As usual in language evolution, having two auxiliaries wasn't a goal, things just happened this way (and in fact the long-term evolution is towards a single auxiliary). There is an article in French ...
Gilles 'SO- stop being evil''s user avatar
7 votes
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Why is the Romanian tense system so "simple", compared to other Romance languages?

The short answer: centuries of use of Old Church Slavonic instead of Latin or Romanian as a written language BUT note there is a tendency towards analytic tenses in spoken languages across Europe. ...
Adam Bittlingmayer's user avatar
6 votes

Which languages conflate (imperfective) past and irrealis, and why?

I suspect subjunctive merged with indicative in English simply due to phonetical reasons. Look at Old English: "I ate" (indicative) - Ic æt "I ate" (subjunctive) - Ic æte or "we beat" (...
Constantine Geist's user avatar
6 votes

Suffix -ed indicating current state

"Based" here is either the past/passive participle of the verb base used in the passive construction "BE + past participle", or an adjective derived from the past participle (a departicipial adjective—...
brass tacks's user avatar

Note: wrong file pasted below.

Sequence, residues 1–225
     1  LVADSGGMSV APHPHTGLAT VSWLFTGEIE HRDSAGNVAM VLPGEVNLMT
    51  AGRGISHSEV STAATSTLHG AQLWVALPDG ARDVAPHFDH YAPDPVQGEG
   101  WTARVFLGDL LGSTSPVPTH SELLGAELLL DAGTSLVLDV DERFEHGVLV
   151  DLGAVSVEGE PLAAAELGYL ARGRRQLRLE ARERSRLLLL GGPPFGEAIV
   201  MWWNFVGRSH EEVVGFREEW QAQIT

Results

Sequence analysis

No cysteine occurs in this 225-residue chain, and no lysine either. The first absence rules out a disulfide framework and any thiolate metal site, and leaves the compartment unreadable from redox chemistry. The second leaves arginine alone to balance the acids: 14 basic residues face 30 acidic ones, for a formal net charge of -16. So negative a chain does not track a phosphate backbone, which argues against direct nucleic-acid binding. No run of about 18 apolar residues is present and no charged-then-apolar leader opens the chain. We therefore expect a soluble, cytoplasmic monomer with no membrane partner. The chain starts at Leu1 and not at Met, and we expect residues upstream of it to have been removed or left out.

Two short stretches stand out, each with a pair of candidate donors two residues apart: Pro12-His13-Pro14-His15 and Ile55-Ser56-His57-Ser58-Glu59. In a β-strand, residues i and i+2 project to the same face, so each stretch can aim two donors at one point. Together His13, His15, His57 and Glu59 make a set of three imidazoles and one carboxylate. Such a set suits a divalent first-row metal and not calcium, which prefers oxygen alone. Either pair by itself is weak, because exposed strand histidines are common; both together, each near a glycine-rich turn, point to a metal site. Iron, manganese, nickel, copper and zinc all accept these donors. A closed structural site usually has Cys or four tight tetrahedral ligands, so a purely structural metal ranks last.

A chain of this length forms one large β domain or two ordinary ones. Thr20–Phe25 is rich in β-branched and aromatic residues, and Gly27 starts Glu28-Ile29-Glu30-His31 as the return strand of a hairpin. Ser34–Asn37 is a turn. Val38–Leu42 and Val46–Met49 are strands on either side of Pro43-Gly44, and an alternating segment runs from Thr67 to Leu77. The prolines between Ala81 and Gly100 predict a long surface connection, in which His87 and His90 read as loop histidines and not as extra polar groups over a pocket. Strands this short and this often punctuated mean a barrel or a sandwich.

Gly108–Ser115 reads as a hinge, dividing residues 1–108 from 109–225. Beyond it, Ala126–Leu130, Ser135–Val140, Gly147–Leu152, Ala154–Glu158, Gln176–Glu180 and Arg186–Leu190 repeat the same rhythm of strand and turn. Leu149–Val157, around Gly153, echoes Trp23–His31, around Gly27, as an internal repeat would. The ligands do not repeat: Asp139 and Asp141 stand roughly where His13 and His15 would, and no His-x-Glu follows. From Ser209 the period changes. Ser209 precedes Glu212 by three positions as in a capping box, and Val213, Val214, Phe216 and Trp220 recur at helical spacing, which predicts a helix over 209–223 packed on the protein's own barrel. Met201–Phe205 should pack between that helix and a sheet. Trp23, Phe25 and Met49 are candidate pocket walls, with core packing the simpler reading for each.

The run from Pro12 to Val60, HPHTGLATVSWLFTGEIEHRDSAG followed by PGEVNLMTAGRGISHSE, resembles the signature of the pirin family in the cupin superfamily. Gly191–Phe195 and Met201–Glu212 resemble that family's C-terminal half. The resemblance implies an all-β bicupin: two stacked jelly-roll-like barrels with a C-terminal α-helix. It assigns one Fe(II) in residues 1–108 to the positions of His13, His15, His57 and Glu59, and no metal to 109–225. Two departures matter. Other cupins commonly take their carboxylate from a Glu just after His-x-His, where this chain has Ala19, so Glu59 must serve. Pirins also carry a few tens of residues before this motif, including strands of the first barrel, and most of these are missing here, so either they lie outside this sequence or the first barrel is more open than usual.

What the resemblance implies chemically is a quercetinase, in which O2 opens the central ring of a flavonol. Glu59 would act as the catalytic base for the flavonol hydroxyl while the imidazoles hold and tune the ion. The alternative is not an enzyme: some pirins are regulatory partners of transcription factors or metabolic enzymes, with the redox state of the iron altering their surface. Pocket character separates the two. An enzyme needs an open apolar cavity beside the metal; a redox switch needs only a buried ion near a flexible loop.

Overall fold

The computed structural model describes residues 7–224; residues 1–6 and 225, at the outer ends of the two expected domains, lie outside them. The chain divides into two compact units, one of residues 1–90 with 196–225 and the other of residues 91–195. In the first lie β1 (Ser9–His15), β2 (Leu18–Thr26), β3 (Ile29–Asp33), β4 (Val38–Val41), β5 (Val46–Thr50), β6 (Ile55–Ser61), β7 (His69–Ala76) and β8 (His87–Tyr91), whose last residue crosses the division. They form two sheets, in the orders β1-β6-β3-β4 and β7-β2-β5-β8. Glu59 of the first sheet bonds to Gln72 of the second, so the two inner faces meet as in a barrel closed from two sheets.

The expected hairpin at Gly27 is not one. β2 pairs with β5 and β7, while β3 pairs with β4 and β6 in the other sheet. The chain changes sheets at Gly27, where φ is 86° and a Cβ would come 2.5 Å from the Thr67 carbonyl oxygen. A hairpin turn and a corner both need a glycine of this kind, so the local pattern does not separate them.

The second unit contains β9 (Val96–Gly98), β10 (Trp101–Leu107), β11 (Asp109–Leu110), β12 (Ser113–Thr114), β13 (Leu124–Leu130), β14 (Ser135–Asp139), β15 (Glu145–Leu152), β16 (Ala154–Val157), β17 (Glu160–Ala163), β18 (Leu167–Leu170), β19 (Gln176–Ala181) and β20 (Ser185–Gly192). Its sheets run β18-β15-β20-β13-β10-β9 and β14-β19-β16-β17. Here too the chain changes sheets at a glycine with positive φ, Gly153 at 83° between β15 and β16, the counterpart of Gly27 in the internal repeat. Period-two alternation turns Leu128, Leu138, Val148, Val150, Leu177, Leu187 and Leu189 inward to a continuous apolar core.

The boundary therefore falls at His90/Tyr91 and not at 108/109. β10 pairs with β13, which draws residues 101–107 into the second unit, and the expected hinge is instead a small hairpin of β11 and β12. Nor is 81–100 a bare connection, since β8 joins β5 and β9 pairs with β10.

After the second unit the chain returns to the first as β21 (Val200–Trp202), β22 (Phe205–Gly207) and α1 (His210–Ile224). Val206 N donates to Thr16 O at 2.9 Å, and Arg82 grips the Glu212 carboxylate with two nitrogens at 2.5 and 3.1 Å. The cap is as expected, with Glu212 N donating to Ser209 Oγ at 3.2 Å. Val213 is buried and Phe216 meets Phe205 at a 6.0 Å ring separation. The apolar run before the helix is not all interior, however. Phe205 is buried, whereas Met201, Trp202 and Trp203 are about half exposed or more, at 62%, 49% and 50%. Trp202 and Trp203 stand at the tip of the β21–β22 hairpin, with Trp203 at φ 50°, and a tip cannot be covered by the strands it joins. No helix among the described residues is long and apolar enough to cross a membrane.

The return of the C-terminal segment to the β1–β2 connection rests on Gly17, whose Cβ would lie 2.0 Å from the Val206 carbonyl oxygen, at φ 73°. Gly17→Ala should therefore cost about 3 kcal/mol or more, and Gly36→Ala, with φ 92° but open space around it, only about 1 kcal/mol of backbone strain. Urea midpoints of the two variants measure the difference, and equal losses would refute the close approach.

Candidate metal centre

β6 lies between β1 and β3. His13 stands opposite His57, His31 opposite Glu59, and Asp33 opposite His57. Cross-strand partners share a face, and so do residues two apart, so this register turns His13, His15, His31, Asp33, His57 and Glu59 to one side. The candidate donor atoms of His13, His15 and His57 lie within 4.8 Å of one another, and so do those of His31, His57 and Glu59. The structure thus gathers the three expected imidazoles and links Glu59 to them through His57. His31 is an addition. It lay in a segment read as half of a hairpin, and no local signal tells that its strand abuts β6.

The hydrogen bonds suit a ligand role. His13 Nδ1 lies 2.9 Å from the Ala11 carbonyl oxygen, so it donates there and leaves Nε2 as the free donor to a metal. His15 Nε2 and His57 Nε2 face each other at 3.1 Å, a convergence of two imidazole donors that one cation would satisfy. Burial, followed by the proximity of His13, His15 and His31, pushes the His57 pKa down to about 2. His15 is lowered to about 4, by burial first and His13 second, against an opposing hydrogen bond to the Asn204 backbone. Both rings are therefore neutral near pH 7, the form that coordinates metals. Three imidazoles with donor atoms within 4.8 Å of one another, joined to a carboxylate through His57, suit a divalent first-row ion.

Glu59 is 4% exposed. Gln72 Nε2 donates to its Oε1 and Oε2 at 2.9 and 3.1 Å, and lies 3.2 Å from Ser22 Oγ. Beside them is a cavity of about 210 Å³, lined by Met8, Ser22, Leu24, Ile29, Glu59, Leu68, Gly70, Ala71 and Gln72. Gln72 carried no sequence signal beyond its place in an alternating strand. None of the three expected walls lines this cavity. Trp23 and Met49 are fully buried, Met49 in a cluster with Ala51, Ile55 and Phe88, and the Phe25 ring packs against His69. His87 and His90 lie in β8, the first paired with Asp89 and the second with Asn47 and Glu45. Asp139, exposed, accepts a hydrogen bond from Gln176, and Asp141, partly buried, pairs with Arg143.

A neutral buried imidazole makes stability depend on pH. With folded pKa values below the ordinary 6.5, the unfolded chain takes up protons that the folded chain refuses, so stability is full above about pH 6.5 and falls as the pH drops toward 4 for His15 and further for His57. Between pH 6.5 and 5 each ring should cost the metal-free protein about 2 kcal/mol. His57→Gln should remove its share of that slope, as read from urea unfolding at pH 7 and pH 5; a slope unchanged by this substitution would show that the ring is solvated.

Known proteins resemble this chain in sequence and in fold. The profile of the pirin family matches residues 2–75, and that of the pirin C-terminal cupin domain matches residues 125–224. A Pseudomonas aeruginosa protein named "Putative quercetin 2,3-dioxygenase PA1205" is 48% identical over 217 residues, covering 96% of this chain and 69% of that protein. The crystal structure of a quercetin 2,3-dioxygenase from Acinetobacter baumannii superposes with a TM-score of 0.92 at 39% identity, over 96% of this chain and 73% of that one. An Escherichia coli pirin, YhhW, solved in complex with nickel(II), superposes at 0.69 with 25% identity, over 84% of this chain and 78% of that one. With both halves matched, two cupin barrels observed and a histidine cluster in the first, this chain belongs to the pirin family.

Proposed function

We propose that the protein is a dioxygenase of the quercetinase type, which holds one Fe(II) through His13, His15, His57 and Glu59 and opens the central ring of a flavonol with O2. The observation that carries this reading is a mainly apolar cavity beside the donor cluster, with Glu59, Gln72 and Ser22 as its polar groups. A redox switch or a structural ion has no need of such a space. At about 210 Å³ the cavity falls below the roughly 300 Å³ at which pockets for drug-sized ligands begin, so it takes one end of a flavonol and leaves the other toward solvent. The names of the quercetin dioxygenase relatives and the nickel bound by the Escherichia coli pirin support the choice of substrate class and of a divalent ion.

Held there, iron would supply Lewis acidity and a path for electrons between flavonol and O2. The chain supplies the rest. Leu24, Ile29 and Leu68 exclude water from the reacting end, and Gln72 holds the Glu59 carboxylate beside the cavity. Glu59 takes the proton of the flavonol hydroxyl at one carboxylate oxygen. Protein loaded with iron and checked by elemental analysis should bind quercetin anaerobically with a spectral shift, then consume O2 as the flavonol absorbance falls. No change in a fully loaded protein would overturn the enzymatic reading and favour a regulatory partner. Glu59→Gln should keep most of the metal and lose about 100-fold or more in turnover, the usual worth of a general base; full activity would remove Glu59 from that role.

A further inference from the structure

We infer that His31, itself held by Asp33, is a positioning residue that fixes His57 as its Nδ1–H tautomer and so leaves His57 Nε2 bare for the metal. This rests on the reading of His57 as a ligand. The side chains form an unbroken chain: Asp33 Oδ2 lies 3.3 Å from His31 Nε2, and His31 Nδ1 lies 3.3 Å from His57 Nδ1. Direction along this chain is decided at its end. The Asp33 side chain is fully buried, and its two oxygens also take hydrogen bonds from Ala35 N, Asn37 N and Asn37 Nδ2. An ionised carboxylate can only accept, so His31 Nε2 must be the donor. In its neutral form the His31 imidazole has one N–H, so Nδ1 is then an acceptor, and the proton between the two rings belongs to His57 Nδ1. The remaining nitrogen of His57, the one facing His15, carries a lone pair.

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6 votes
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Why is the future tense almost completely regular in Portuguese?

Most of the "tenses" of the modern Romance languages are inherited directly from Latin, and so have had plenty of time to accumulate irregularities (and indeed many existed even within Latin)...
Tristan's user avatar
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5 votes
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How can the perfective aspect apply to the present tense?

In English, at least, the ordinary simple present is imperfective; but there are genres in which a perfective use is common. In sports broadcasts, for instance: "He shoots, he scores!" describes an ...
StoneyB on hiatus's user avatar